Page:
Overall, the Crystal Ball got only 17 of the 42 ranks exactly right, and placed an additional 11 rikishi at the correct rank but on the wrong side—one of my worst performances of the last two years. Of the 14 misses, 7 were by half a rank (if we count M17e/J1e), 4 by one rank, and 3 by more than a rank—the aforementioned Chiyotairyu and Chiyomaru, as well as Tokushoryu. Hopefully, some of this analysis will improve future banzuke predictions, but some of the misses can only be chalked up to the banzuke committee departing from both historical precedent and internal consistency. I often think how different things might be if they had to publicly justify their decisions, as is the case in most other contemporary sports.

Banzuke Sunday – Nagoya 2021 Edition

Ah, can you hear that clicking noise? Its the sound of Team Tachiai setting up rapid fire refresh on the Japan Sumo Association’s web page. Some time in the next few hours, they will publish the ranking sheet for this July’s sumo tournament, which will return to Nagoya. This marks the first basho since the early day’s of the pandemic to be held outside of Tokyo. In spite of strong political and cultural headwinds, Sumo is making an enormous effort to return to some semblance of normal, and I applaud them for it. Thus far the NSK has demonstrated that they can safely conduct a tournament without having them become super-spreader events.

The tournament in Nagoya will be a massive challenge to their track record. Lessons learned over the past 18 months indicate the little bastard that is SARS-COV-2 loves poorly ventilated, heavily populated indoor spaces. This describes the venue in Nagoya perfectly. I am hoping against hope they have found some way to lesson the risk.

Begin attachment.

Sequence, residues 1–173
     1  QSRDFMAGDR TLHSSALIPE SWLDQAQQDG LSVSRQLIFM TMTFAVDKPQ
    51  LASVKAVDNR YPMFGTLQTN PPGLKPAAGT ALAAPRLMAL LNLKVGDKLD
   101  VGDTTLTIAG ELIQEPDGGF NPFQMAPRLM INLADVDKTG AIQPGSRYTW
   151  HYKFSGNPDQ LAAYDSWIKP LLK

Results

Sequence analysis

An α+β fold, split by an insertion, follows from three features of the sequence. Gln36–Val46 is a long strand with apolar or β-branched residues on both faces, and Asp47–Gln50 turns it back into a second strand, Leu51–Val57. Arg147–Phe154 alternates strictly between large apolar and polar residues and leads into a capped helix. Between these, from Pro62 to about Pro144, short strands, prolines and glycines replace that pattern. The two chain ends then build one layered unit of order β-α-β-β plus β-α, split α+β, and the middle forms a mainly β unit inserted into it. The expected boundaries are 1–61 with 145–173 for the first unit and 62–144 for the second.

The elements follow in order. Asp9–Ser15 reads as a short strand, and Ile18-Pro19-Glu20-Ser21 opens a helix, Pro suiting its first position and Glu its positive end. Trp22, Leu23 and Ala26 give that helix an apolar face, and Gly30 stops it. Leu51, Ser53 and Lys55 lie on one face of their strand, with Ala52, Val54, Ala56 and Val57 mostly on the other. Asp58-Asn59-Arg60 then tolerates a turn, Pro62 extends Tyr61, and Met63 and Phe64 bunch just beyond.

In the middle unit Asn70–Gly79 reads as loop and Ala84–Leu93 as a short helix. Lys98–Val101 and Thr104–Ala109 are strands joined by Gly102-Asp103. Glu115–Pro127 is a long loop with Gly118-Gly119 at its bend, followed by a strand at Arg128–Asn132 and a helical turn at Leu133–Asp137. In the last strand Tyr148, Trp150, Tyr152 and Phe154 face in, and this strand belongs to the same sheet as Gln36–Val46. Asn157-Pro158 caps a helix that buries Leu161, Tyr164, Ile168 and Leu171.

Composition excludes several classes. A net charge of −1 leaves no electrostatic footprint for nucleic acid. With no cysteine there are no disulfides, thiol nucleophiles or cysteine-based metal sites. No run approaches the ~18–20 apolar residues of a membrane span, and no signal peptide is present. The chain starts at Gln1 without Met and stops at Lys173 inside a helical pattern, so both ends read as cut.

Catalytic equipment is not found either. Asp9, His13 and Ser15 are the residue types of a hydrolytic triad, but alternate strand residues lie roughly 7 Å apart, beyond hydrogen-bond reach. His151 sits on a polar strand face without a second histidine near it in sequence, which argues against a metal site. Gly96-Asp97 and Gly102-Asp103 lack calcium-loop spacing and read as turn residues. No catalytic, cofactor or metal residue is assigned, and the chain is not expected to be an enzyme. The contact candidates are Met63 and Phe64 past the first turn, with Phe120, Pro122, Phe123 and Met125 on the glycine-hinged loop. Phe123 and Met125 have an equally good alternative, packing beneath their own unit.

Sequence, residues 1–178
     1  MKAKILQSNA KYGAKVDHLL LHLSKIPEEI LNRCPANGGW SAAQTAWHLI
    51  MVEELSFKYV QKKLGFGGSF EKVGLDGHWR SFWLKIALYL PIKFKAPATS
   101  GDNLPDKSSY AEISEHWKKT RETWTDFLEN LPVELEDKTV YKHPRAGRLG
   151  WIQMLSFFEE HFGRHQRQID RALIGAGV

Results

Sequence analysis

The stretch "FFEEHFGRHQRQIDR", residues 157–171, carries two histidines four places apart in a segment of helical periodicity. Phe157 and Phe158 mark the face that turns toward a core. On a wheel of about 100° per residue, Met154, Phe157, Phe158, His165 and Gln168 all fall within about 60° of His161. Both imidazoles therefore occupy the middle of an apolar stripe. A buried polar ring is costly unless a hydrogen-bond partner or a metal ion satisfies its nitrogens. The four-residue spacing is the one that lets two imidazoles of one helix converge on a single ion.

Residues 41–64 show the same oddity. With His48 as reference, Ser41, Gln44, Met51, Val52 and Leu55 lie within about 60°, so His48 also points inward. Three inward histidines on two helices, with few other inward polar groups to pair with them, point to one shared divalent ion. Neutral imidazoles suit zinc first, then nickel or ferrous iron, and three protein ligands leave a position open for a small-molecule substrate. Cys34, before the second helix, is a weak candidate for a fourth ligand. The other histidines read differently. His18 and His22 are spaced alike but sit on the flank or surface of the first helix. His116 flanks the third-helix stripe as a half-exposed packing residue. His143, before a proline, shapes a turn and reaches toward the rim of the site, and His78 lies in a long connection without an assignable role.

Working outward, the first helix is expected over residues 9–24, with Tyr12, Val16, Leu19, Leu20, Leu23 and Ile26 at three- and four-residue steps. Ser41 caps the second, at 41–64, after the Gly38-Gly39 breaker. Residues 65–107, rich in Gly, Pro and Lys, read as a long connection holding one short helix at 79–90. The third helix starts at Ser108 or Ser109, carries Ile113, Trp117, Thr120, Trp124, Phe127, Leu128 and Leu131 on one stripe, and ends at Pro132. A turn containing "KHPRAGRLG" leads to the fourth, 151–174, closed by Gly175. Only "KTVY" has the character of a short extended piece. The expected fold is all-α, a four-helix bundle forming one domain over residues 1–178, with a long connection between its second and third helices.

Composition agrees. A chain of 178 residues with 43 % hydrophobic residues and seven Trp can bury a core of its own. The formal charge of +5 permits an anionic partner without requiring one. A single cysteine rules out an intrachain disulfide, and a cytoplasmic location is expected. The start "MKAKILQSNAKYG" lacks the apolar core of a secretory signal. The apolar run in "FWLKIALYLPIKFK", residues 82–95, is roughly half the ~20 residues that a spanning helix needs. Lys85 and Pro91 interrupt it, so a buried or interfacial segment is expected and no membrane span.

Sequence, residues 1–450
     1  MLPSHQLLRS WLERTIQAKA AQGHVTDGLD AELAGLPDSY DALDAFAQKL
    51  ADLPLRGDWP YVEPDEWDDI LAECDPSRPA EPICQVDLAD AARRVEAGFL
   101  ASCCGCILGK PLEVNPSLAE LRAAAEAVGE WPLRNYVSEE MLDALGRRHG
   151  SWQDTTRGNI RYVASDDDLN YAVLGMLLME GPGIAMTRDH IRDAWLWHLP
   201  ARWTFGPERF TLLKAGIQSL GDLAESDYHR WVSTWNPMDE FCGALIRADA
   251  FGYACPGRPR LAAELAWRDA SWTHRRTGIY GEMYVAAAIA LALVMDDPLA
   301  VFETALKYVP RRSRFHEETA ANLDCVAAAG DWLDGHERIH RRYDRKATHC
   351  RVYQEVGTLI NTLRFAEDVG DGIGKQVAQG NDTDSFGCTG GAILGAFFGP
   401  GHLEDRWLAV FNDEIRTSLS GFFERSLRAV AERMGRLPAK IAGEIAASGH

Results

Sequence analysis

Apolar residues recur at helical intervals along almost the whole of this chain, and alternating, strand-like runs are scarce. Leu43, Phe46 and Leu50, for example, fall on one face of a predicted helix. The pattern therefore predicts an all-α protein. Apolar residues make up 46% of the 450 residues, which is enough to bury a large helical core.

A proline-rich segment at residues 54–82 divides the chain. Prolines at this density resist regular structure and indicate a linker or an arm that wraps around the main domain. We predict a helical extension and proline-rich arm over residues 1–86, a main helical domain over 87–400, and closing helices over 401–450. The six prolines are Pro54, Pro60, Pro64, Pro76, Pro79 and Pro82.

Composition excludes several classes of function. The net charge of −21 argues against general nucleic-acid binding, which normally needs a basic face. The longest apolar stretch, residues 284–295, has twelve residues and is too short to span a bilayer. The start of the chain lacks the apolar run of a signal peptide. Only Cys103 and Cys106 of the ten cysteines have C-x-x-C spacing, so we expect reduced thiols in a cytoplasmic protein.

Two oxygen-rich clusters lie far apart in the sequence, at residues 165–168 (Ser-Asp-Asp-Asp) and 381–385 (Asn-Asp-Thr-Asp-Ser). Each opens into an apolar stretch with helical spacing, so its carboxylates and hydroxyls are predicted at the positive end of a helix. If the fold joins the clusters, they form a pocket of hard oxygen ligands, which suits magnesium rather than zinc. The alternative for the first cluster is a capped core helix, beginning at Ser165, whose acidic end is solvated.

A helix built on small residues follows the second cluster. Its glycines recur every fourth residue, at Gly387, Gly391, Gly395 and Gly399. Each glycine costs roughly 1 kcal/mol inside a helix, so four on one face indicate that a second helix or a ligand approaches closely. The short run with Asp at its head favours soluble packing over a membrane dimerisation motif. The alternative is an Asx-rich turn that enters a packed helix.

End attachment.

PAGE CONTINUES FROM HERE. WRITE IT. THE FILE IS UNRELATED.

Sumo fans are exceptionally excited for July, as it marks the return of Yokozuna Hakuho to competition, after taking an extended medical leave to have significant repair work done to his lower body. He and his oyakata have tabled this his “make or break” tournament. Lined up against that are potential Yokozuna promotions for both Terunofuji, and (if you squint and look at it out of the corner of your eye) Takakeisho. It has the ingredients for being a tumultuous tournament. I can’t wait.

Check back later today for all of the details around July’s ranks.

An IT Project Manager’s Worst Nightmare…the Next Day Update

Oops. I forgot to include a brilliant feature that my wife had mentioned to me. It is actually that brilliant, so I’m not going to wait a week or so to implement the update. What has me so eager to get this update out early? Well, I added the websites, Instagram, and Twitter pages of all of the stables that I could find. I also included the official profile pages at sumo.or.jp. Cool, no?

How to find it on the visualization?

Example: Naruto-beya website list

Step 1: Mouseover Points on Map